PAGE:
AN administration led by presidential candidate and Davao City Mayor Rodrigo Duterte would be vulnerable to a coup, said Senator Antonio Trillanes IV, a former Navy officer who led two failed mutinies in 2003 and 2007.
Speaking at a forum organized by the Foreign Correspondents of the Philippines (Focap) Tuesday, Trillanes said most members of the military are averse to any form of power-sharing with the communist movement that the Davao mayor is proposing.
“It is going to be very easy to recruit people for such a military intervention,” said Trillanes.
Trillanes, who recently accused Duterte of failing to report millions of pesos in a secret bank account, said even if the mayor wins on May 9, he takes office on June 30 and there was still time for people to stop him from taking office.
He said the Ombudsman, the Anti-Money Laundering Council and other government agencies were not investigating Duterte’s finances.
“Back in 2001, we found a creative way of removing a sitting president who got mandate from the people,” said Trillanes, referring to ousted President Joseph Estrada.
Trillanes also dared Duterte to file a libel complaint against him.
“My accusations against him was very grave. I am accusing him of having ill-gotten wealth worth P2.4 billion. He can file a libel case against me,” he said.
“But you see, he wont file a libel case… You know why? Because if he files a case against me, the bank accounts now will be exempted from the Bank Secrecy Law.”
Earlier, Trillanes told broadcaster and former vice president Noli de Castro in a radio interview that Duterte was bent on setting up a revolutionary government with the help of Jose Ma. Sison, founder of the Communist Party of the Philippines.
“[Duterte’s] partners are communists, like Joma Sison,” Trillanes said.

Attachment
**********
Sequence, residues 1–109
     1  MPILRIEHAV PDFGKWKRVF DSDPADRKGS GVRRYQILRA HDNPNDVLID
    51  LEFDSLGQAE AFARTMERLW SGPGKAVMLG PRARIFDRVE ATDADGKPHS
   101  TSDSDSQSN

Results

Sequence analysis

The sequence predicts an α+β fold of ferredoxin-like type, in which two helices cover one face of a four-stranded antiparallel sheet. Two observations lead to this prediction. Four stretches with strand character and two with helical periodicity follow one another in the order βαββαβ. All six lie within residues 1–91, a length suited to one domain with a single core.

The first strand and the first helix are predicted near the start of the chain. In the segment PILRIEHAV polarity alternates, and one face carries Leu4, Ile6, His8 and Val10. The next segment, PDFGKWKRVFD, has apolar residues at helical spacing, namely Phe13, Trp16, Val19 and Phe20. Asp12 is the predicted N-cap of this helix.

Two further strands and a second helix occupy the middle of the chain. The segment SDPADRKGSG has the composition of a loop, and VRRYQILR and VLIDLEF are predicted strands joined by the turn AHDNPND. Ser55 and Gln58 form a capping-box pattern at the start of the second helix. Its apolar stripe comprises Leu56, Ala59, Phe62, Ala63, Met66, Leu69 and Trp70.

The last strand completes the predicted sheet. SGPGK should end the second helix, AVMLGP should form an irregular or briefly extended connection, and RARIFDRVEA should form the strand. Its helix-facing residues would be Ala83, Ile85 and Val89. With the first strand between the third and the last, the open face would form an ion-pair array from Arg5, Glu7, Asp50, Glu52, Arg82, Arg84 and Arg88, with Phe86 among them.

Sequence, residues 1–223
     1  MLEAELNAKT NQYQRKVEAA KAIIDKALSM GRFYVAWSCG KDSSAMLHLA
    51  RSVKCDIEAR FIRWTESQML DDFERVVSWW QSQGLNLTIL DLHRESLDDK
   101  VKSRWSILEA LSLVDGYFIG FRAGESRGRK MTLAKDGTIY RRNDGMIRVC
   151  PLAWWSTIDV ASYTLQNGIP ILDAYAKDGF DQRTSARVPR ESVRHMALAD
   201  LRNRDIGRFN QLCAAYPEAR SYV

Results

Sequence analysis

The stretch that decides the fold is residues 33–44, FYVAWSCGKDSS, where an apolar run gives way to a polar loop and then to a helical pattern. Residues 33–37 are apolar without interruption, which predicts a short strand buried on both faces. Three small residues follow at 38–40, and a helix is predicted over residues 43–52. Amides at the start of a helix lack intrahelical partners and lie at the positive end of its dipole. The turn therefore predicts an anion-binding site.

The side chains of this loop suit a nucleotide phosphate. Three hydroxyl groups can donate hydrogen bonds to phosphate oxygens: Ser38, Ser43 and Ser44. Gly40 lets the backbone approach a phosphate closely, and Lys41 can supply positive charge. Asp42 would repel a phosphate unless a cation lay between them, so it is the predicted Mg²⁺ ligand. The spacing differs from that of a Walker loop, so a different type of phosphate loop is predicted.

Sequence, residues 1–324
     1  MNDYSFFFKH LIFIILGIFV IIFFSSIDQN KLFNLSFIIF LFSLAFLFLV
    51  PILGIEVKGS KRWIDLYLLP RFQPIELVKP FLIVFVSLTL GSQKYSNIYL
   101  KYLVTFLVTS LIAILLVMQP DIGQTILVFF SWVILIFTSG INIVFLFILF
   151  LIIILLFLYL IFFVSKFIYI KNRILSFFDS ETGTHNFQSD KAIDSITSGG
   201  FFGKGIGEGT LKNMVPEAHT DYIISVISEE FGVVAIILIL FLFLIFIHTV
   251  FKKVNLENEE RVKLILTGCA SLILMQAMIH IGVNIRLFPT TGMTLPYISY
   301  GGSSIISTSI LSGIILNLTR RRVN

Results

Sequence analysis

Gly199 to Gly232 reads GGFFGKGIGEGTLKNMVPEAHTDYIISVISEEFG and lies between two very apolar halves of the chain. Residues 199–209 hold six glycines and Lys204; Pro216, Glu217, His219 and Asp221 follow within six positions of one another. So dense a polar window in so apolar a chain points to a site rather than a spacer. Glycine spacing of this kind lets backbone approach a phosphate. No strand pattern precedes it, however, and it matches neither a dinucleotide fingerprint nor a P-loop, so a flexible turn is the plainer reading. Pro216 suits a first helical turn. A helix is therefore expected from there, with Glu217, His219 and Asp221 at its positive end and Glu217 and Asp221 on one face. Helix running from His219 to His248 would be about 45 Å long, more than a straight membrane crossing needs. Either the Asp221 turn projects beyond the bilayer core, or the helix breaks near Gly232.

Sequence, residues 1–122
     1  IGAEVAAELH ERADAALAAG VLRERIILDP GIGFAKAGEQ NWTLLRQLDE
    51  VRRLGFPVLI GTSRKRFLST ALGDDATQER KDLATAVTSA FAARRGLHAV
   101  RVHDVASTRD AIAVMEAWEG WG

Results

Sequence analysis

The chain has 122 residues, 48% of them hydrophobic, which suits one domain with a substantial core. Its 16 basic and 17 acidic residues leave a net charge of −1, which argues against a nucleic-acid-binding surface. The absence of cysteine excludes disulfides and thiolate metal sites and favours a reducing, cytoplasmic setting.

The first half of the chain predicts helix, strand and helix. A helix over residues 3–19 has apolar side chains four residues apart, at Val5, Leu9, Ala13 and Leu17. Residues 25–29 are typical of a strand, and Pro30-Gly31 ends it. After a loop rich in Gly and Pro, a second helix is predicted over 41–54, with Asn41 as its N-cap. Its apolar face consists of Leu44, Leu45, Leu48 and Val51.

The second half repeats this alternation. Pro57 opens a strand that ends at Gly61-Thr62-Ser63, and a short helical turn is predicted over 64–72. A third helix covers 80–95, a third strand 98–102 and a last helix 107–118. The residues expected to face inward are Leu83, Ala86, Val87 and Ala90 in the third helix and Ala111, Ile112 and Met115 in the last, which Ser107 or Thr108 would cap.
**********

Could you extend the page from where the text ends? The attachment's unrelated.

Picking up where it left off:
“They have an agreement. [Duterte] is really a disciple of Joma Sison and he does not even deny it. But I fear something more serious, not only corruption but a real threat to democracy,” Trillanes said.
“He keeps on saying, ‘This is what we will do, if you really like me, this is what I will do. I will form a revolutionary government, maybe I will have to kill people,’” Trillanes said paraphrasing what Duterte has been saying in his campaign rallies.
Sison himself agreed that a ceasefire between communist rebels and government is possible if Duterte wins the presidency.
In an earlier interview, Sison said the communists would readily speed up negotiations with a Duterte administration.
“He has gone so far as to express interest in a coalition government and in addressing the roots of the armed conflict and working out the necessary agreements on social, economic and political reforms in order to achieve a just and lasting peace,” Sison told journalists last year.
More recently, Sison said he was looking forward to a ceasefire if Duterte becomes president and returning home after living in exile in The Netherlands since 1987.
Duterte had said at Lyceum of the Philippines that Sison was one of his college professors and he played a big role in molding his views, which led him to join the communist-linked Kabataang Makabayan group in the late 1960s.
Sison said he spoke with Duterte last April 26 and the Davao City mayor said he would offer a cessation of hostilities with the communist guerrillas and Muslim secessionist forces once he is president.
Duterte’s publicly declared closeness to Sison and the NPA rebels has caused concern in the military.
His pronouncements have also spooked the business community.
Speaking before the annual economic forum sponsored by the Economic Journalist Association of the Philippines in collaboration with the ING Bank, Makati Business Club chairman Ramon del Rosario hit Duterte for his “lack of respect for the rule of law.”
“The image he created in my mind is a disturbing one. What he probably indicated is a lack of respect for the rule of law. To my mind the rule of law is extremely important if we want to have confidence in our economy,” he said.
He noted that in the Philippine setting, the rule of law is the foundation of knowledge where confidence is built, and where there is confidence there will be investments that will create jobs.
“So if we don’t have investments, we will not have jobs. Then, we will have a problem moving forward,” he added.
He cautioned not only fellow businessmen but the voting public in general to make the right choices and look carefully at what the candidates have been laying out as promises.
Del Rosario singled out Duterte for his penchant for quick fixes and the anarchic mode of resolving issues and problems that can be settled in ways more diplomatic.
“Some people say that’s just tough talk, that he will not do what he says. But the biggest question is, what if he does? Sometimes more than not, we hope that the candidate will do as they promise. This is one time that I hope this one particular candidate will not do [as he] promises,” he said.